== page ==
Meriden vaccine maker: We’re scrapping expansion plans after Gov. Malloy ‘blew us off’

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MERIDEN- It’s being called “the shot heard ‘round the state.” Well, flu-shot that is, and it all started on Twitter.

Somehow, a photo of the governor receiving a vaccination has prompted a local medical company to consider ditching the state.

The tweet in question shows a photo of Gov. Dannel Malloy, getting a flu shot on February 6. The problem is, the vaccine was made by an overseas company, and that’s got Connecticut’s only flu vaccine producer feeling pinched.

The company in question is Meriden-based Protein Sciences. It’s the only American company that makes a flu vaccine in the U.S.

"That's why it was so dissapointing,” said Protein Science’s Executive Chairman Dan Adams.

Adams saw the Twitter photo of the governor getting the foreign-made flue vaccine, and it was so upsetting that Adams scrapped plans to purchase two buildings in Meriden that were part of an expansion plan in Connecticut.

"We're selling to the DOD, to the CDC, other states. It's just really a tough thing to overcome because they're all looking for whether we're being supported in our home base,” said Adams.

But this beef’s about  more than just a tweet. Adams said Protein Sciences wants the state to use their flu vaccine, but instead feels “ignored” by the administration.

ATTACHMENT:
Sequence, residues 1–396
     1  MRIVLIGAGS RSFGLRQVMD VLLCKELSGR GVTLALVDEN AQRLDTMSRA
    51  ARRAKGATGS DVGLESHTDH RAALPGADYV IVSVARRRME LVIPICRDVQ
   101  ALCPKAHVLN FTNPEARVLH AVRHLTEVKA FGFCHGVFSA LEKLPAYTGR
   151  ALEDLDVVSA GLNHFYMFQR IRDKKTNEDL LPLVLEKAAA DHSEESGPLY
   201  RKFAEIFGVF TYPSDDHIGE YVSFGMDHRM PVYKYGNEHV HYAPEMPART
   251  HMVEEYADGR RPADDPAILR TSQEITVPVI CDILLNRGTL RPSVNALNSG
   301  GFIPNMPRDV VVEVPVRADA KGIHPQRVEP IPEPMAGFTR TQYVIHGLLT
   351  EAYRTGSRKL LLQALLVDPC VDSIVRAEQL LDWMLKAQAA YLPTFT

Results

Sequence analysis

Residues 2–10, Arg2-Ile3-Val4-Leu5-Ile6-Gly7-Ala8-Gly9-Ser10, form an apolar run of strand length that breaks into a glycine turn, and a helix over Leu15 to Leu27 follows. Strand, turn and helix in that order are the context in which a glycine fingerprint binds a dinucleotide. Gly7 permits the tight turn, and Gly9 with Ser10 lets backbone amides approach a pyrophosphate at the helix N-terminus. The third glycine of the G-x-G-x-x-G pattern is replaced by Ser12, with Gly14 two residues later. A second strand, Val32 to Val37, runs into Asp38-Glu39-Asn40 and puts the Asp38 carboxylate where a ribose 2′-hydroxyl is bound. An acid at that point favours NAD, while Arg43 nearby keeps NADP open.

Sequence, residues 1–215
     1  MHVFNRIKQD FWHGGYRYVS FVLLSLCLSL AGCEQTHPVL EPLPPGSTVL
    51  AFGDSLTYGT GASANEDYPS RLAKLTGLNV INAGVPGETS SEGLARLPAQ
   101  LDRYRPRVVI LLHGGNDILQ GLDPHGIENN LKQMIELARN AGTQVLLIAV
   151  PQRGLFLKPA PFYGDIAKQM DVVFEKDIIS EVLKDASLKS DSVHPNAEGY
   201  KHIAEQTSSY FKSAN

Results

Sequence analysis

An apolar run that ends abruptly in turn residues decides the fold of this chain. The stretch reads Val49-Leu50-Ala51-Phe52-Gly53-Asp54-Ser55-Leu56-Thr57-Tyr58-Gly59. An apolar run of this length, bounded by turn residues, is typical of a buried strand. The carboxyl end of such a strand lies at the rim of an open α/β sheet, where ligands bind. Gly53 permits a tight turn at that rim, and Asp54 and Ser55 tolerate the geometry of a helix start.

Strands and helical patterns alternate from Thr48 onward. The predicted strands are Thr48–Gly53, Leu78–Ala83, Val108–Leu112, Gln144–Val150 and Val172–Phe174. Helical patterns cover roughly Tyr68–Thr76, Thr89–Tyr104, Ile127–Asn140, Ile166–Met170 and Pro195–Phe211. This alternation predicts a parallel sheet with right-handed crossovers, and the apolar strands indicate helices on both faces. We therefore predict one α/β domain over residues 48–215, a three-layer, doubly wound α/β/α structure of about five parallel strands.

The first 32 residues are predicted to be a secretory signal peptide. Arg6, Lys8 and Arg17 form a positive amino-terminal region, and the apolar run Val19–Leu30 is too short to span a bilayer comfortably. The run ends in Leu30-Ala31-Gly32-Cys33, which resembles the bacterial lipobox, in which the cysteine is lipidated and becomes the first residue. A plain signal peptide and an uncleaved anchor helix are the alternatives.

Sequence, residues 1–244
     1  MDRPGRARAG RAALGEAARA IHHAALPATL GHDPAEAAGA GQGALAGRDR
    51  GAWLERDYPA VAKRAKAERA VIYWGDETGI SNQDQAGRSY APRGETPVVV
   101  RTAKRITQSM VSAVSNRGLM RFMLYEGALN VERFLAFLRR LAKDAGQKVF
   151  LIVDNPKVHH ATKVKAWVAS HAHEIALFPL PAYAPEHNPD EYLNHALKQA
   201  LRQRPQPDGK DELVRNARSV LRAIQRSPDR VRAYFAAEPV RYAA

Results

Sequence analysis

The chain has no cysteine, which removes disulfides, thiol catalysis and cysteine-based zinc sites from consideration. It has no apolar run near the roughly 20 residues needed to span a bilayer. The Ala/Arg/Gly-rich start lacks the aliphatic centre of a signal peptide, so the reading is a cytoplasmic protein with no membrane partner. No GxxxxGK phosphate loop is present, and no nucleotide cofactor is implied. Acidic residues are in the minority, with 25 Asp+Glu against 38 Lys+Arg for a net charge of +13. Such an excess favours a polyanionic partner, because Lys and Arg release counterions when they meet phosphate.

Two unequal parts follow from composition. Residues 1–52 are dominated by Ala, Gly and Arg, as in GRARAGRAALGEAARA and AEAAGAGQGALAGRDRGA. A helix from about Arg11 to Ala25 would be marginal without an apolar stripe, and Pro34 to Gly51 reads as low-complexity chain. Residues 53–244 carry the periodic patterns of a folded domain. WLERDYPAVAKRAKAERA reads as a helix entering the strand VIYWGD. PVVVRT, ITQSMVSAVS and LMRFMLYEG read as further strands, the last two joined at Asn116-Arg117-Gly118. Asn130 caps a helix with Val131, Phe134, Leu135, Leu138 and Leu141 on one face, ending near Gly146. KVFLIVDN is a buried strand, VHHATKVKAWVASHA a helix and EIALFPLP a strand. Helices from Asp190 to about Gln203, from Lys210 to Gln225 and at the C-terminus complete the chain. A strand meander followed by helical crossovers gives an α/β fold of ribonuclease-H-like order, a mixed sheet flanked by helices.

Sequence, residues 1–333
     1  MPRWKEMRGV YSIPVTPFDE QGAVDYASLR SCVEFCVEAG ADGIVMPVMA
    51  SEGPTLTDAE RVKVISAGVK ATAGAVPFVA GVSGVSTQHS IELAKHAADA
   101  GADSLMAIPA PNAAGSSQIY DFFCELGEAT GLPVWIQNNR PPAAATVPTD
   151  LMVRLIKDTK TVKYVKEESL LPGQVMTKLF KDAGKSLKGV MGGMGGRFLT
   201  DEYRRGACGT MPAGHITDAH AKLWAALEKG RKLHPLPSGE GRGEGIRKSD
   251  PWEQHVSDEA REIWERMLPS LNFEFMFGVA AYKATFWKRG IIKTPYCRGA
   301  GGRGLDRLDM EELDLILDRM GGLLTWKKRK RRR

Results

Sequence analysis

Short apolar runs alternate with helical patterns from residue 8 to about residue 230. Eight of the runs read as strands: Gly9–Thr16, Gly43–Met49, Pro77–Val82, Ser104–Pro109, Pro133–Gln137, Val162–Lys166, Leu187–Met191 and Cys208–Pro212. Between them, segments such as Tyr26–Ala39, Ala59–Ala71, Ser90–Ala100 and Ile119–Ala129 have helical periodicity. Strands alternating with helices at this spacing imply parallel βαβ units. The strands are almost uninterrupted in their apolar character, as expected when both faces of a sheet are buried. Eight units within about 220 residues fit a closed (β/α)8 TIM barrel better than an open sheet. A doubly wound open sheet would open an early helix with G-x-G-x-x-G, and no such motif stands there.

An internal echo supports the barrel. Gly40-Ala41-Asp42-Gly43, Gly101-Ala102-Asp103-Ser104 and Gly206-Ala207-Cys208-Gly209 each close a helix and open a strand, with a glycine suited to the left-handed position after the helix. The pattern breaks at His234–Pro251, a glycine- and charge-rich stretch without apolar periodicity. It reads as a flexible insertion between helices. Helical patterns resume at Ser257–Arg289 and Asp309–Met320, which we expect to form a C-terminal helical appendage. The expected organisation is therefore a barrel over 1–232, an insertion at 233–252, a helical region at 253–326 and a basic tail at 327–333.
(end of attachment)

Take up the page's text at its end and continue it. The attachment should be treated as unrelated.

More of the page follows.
"We're asking to at least buy some so that I don't have to hem and haw when people ask us what's Connecticut doing,” said Adams.

Protein Sciences offers an FDA-approved, one-of-a-kind vaccine called FluBlok that doesn’t use chickens’ eggs like traditional vaccines do.

State Sen. Dante Bartolomeo, who represents Meriden, hasn’t taken to Twitter over the dispute, but is backing the company. "I do support the company and the product. I do still believe that we as a state should be looking at how we can keep them here,” she said.

Whether Protein Sciences is actually willing to move is unclear, but even if the Twitter outrage is just a bluff, it might not be one the Malloy administration is willing to call.

When asked if the governor's insult was the last straw, Adams said, "Things are never the last straw. But it kind of cut into our gut.”

Malloy’s office didn’t grant Fox CT an interview Friday, but Devon Puglia, the director of media relations for the governor's office, did email a statement:

Just like so many Connecticut businesses, Protein Sciences is working toward producing a quality product and the Governor respects their work. He was given a flu vaccine from the West Hartford/Bloomfield local health department and the vaccine that was given was based on the stock of the local health department.

Protein Sciences has 100 employees and when asked what it would take to keep the company in Connecticut, Adams would not specify, but he did say, “a dialogue with the governor” would help.